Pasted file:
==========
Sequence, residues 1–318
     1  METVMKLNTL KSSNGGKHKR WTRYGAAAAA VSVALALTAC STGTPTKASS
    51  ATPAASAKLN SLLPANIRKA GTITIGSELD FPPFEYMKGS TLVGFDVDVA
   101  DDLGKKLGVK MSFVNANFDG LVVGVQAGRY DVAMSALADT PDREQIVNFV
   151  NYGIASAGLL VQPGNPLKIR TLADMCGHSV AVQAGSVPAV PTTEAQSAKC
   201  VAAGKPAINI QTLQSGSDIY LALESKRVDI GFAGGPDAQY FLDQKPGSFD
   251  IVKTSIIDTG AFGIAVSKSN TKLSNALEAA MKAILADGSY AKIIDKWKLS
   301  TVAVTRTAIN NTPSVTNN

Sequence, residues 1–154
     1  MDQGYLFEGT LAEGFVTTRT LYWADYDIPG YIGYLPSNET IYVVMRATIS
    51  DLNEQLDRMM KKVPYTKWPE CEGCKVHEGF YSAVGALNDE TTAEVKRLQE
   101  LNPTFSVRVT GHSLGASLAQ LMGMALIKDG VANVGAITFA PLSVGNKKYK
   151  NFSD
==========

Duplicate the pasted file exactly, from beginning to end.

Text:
Sequence, residues 1–318
     1  METVMKLNTL KSSNGGKHKR WTRYGAAAAA VSVALALTAC STGTPTKASS
    51  ATPAASAKLN SLLPANIRKA GTITIGSELD FPPFEYMKGS TLVGFDVDVA
   101  DDLGKKLGVK MSFVNANFDG LVVGVQAGRY DVAMSALADT PDREQIVNFV
   151  NYGIASAGLL VQPGNPLKIR TLADMCGHSV AVQAGSVPAV PTTEAQSAKC
   201  VAAGKPAINI QTLQSGSDIY LALESKRVDI GFAGGPDAQY FLDQKPGSFD
   251  IVKTSIIDTG AFGIAVSKSN TKLSNALEAA MKAILADGSY AKIIDKWKLS
   301  TVAVTRTAIN NTPSVTNN

Sequence, residues 1–154
     1  MDQGYLFEGT LAEGFVTTRT LYWADYDIPG YIGYLPSNET IYVVMRATIS
    51  DLNEQLDRMM KKVPYTKWPE CEGCKVHEGF YSAVGALNDE TTAEVKRLQE
   101  LNPTFSVRVT GHSLGASLAQ LMGMALIKDG VANVGAITFA PLSVGNKKYK
   151  NFSD